Twitter has done it again, and it only took it a couple of months to slip up once more. The social media giant suffered yet another data security incident, where personal business accounts of users who rely on Twitter Ads and Twitter Analytics were compromised.
Apparently, everything was stored in the browser cache, even after the users signed out of Twitter. The incident compromised sensitive information, including contact numbers, email addresses, and the last four digits of the users’ credit cards.
So far, around 75% of B2B businesses market their services and products through Twitter, which might show how effective this incident is. However, Twitter has not released anything about the number of affected accounts yet.
How Serious is It?
While the data is indeed compromised, there are no reports about it being harvested or collected by third parties or cybercriminals.
But the incident is serious and could cause devastating problems for the affected parties. No one knows where the leaked data would go. No one knows who could get a hold of this sensitive information.
The leaked data might be used in phishing schemes. Remember, these are business accounts that could easily be used to make convincing phone calls and send emails in an attempt to fool the unalert users into offering up even more information.
It can be worse actually. Business is all about money, which can also be a way to convince users to submit their credit card information.
If you’re a Twitter user, we highly suggest you clear your browser cache on shared computers or yours once you’re done Tweeting. It’s a good start to prevent your data from being stored even if you log out.
The hit on Twitter’s platform is quite big, especially since a lot of businesses use Twitter’s an advertising and analytics platforms.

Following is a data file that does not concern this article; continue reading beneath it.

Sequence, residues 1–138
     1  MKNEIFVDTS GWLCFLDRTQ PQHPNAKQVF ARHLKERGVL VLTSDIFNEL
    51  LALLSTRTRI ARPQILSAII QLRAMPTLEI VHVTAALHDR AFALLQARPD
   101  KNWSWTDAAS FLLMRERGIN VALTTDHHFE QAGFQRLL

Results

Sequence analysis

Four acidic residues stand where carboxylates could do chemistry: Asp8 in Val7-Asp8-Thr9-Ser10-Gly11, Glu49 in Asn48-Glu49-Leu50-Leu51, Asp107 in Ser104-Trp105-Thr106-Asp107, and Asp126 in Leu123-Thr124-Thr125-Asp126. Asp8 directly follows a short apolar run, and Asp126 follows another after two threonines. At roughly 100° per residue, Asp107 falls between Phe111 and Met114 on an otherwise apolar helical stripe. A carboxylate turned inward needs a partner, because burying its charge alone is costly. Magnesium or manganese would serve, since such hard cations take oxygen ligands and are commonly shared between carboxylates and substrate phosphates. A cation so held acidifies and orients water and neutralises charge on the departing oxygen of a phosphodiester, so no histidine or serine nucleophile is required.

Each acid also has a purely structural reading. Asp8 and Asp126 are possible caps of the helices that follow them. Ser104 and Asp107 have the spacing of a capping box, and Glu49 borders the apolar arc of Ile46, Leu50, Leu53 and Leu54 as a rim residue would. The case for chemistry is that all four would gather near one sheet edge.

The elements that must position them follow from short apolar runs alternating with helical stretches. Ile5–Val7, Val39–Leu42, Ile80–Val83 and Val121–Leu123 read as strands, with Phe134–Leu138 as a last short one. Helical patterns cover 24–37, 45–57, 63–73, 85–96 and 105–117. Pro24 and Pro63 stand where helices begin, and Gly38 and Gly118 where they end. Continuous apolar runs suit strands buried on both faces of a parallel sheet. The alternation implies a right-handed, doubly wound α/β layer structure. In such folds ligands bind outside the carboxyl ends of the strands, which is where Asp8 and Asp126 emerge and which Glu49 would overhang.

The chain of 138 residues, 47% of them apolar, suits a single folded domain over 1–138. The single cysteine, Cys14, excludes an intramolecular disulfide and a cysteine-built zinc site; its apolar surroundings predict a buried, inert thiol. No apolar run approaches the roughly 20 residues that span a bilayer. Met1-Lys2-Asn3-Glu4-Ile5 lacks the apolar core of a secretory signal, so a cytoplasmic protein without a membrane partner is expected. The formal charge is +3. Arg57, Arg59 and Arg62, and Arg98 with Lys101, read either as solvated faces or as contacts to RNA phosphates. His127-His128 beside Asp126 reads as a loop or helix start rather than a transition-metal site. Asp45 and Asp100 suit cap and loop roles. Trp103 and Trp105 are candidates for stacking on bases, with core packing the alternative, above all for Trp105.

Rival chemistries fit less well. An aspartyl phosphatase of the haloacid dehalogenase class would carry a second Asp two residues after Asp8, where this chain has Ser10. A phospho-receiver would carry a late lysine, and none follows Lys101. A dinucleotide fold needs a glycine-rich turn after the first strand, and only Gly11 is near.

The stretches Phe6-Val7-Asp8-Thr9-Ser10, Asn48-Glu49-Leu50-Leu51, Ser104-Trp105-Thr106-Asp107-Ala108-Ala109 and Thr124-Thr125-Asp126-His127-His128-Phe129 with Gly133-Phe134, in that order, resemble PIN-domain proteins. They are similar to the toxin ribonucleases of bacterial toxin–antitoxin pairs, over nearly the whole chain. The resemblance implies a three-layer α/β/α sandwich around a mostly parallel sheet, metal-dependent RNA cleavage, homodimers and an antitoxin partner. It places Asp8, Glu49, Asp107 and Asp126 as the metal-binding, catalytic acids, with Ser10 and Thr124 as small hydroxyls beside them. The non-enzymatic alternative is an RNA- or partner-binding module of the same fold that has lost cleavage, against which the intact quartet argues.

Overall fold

The company stated that it discovered the issue back on May 20th, 2020. However, as of now, the problem has been fixed and Twitter sent the following email to the affected parties:
We are writing to let you know of a data security incident that may have involved your personal information on ads.twitter.com and analytics.twitter.com.
We became aware of an issue that meant that prior to May 20, 2020, if you viewed your billing information on ads.twitter.com or analytics.twitter.com the billing information may have been stored in the browser’s cache.
Examples of that information include email address, phone number, last four digits of your credit card number (not complete numbers, expiration dates or security codes), and billing address.
If you used a shared computer, it is possible that if someone used the computer after you they could have seen the information stored in the browser’s cache (most browsers generally store data in their cache by default for a short period of time like 30 days).
On May 20, 2020, we updated the instructions that Twitter sends to your browser’s cache to stop this from happening. While we have no evidence that your billing information was compromised, we want to make sure you’re aware of the issue and how to protect yourself going forward.
If you currently use a shared computer to access your Twitter Ads or Analytics billing information, we recommend clearing the browser cache when you log out. We’re very sorry this happened. We recognize and appreciate the trust you place in us, and are committed to earning that trust every day.
If you have additional questions, you can write to our Office of Data Protection here <zensiert>
Twitter International Company
One Cumberland Place, Fenian Street
Dublin 2, D02 AX07 IRELAND”
Protecting your private information is very important as the impact might be devastating. Cybercriminals will wait for the moment you slip up and harvest your data instantly.
Setting up strong passwords and two-factor authentication is a good way to lower the risks while using Twitter. That’s not all. There are a lot of ways you can secure your data, you just have to know where to get the information from.
There are security websites such as The VPN Guru and the likes that offer easy-to-read guides and walkthroughs in order to help internet users learn how to protect themselves while browsing the web.
Knowledge is everything. If you know how to secure your data, you’ll have the safest internet experience.